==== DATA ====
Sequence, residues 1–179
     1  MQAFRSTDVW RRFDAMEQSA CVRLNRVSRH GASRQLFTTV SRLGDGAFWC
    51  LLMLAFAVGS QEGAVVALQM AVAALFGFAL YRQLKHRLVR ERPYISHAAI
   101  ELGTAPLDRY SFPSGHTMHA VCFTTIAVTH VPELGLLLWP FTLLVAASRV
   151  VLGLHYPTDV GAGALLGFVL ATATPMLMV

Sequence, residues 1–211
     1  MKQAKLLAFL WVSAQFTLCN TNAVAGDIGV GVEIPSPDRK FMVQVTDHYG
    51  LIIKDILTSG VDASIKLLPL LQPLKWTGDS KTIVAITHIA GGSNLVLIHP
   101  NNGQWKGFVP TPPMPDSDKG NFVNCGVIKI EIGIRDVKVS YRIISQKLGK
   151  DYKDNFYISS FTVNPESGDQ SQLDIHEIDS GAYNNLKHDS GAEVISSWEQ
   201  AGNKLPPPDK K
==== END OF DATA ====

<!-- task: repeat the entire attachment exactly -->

Sequence, residues 1–179
     1  MQAFRSTDVW RRFDAMEQSA CVRLNRVSRH GASRQLFTTV SRLGDGAFWC
    51  LLMLAFAVGS QEGAVVALQM AVAALFGFAL YRQLKHRLVR ERPYISHAAI
   101  ELGTAPLDRY SFPSGHTMHA VCFTTIAVTH VPELGLLLWP FTLLVAASRV
   151  VLGLHYPTDV GAGALLGFVL ATATPMLMV

Sequence, residues 1–211
     1  MKQAKLLAFL WVSAQFTLCN TNAVAGDIGV GVEIPSPDRK FMVQVTDHYG
    51  LIIKDILTSG VDASIKLLPL LQPLKWTGDS KTIVAITHIA GGSNLVLIHP
   101  NNGQWKGFVP TPPMPDSDKG NFVNCGVIKI EIGIRDVKVS YRIISQKLGK
   151  DYKDNFYISS FTVNPESGDQ SQLDIHEIDS GAYNNLKHDS GAEVISSWEQ
   201  AGNKLPPPDK K